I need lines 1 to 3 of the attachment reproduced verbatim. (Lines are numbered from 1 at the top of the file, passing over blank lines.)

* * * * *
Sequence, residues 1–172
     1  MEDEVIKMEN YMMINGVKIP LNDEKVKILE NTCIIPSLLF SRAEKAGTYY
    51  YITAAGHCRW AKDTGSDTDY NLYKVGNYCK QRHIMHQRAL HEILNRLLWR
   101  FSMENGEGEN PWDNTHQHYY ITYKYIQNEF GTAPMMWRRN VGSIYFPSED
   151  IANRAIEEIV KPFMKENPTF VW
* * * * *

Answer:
Sequence, residues 1–172
     1  MEDEVIKMEN YMMINGVKIP LNDEKVKILE NTCIIPSLLF SRAEKAGTYY
    51  YITAAGHCRW AKDTGSDTDY NLYKVGNYCK QRHIMHQRAL HEILNRLLWR